August 9, 2012 - Freestyle athletes from around the world are converging on the Nantahala Gorge in preparation for the 2012 ICF Canoe Freestyle World Cup Final, which will be held this September 7-9 at the newly modified “2013 Wave” on the Nantahala River. 100 top competitors from 17 countries and five continents will participate in the 2012 Freestyle World Cup. This series consists of three events, all of which will be held over the course of three weeks in the Southeastern United States. The winners of the coveted title “World Cup Champion” will be announced following the conclusion of last event, the Nantahala Gorge World Cup Final. Event Schedule
Countries represented in the 2012 event include: Australia, Austria, Canada, Costa Rica, France, Germany, Great Britain, Ireland, Japan, New Zealand, Norway, Poland, Russia, Slovakia, Spain, Sweden, USA.
While the Japanese team is flying over 7000 miles to attend the event, others are driving in from just down the street, including Bryson City local Zachary Tomason and Sylva residents Scott and Aleta McCleskey. Aleta, a former US Freestyle Kayak Team Member, is excited that an event of this caliber will be held in her home-state. “One of the best parts about training for Freestyle is getting to travel around the world and seeing places you wouldn’t otherwise have had the opportunity to visit. It’s a treat to host this event here, and show off the beautiful place that we live in for a change.”
Bryson City resident Matt Anger will also be representing the United States at the upcoming World Cups. Anger has been training on the feature here at the Nantahala for the past several years; now, he is looking forward to matching his hard-earned skills with competitors from around the world. “This is going to be my first international event. It’s been fun getting a chance to train with the Germans and Slovakians over the past couple of days; and it's exciting to see more folks arriving every day.”The Nantahala World Cup will offer FREE viewing access in a family-friendly riverside setting. Spectators can expect mounting excitement over the course of the three days of competition, as athletes are either eliminated or proceed to the next round. In addition, the event will feature free live music, kid’s activities, and a youth freestyle exposition. Competition will begin at 10:00 am Friday-Sunday.
April 17, 2012 - Excitement is growing in the Nantahala Gorge: engineers, construction crews, and a passel of locals have been in the water the last two days, moving boulders and concrete blocks, hoping to hit upon the magical combination that will turn this work-in-progress into a world-class play feature (photo taken 4/17). When the water came on this afternoon and paddlers replaced the heavy machinery in the river, the crowd, largely local boaters, were all smiles. "We have a couple more things to tweak when they turn the water off again," said Daniel Dutton, a local paddler and freestyle judge. "Two of the rocks moved when the current hit them, but we'll get them in place."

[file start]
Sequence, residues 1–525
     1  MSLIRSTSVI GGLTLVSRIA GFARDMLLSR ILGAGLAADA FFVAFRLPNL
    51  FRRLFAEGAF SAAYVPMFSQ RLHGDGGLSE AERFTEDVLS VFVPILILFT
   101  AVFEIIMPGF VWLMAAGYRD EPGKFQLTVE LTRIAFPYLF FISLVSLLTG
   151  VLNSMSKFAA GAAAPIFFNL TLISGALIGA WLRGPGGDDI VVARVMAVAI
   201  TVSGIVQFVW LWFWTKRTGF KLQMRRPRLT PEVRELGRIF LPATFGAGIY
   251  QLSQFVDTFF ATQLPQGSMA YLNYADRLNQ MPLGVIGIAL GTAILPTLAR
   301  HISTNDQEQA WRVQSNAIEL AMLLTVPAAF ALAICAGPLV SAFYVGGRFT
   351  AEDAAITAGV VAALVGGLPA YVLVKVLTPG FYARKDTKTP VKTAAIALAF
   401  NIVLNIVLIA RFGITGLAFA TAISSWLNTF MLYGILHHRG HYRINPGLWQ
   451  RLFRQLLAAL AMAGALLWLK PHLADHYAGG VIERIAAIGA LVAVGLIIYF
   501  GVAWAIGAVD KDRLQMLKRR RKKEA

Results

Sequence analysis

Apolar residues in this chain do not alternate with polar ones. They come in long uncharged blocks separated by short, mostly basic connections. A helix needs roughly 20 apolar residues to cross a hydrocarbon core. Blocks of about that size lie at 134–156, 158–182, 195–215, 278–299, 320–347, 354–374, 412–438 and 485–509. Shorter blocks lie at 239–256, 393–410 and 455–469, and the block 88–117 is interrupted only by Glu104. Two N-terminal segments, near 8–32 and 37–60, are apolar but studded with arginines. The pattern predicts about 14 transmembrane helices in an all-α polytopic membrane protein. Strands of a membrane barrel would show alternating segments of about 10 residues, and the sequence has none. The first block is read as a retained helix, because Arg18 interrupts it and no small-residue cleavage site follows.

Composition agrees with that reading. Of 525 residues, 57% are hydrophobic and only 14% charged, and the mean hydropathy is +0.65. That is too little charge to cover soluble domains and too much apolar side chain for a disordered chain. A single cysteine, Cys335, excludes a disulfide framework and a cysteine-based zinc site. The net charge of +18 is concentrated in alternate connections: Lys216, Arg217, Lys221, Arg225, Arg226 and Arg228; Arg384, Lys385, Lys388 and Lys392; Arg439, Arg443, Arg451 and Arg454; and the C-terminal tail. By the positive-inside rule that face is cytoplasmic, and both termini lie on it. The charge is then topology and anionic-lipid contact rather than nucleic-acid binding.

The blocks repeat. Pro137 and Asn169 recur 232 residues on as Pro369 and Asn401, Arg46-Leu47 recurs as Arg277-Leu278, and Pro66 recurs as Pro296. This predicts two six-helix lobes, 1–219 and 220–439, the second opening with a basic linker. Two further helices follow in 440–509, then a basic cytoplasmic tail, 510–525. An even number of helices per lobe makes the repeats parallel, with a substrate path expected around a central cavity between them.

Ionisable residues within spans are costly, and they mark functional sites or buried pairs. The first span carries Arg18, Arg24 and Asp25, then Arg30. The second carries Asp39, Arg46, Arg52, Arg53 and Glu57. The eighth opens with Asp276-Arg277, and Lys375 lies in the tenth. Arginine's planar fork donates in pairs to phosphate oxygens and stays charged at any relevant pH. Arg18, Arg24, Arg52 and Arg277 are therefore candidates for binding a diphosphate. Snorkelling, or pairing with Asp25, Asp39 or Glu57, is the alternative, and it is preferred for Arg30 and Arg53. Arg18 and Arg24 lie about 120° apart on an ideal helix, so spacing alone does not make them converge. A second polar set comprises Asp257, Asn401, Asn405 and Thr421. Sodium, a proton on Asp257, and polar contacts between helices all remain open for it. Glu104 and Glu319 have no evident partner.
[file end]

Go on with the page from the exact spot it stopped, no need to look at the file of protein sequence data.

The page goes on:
This is the first time that construction crews have been able to get back in the water, following a moratorium established to protect trout during a delicate time in their life-cycle, and the resulting delay has had many on the edge of their seat, wondering if the feature will be ready in time for the summer season. "They all seem positive about the direction that the fine-tuning is taking, and judging from the loops and cartwheels paddlers were throwing in the wave, it looks as though they're well on their way to finding the optimal configuration," said 2013 World Championships event manager Zuzana Vanha.
NOC is hosting an athlete feedback session with McLauglin engineers at 6pm at Slow Joe's Café on Friday, April 20th. The goal of the session is to gather input from locals and national team members alike that will help to guide the final round of fine-tuning. The event will be open to the public.
Curious about how water works, and the way that we can change its flow and characteristics? Find out at a demonstration of "The Science of Water Hydraulics," scheduled for Saturday, April 21 from 2-3 pm in the Nantahala Gorge. The event is part of the North Carolina Science Festival, a multi-day celebration showcasing science and technology through events across the state.
Using the Nantahala 2013 Wave as the example, engineers will discuss the science of water hydraulics and in-stream construction, which allows alteration of the shape of a river-bed in order to create or enhance river features for various uses.
You can also see the product of these engineering efforts in action since the Nantahala 2013 Wave feature will be utilized during this year's Freestyle Shootout Competition, April 20-22. The Shootout will be the first competition to take place at the 2013 Wave. Find out more about the Freestyle Shootout, and about the Nantahala Open, which will take place the same weekend just upstream at the Nantahala Falls!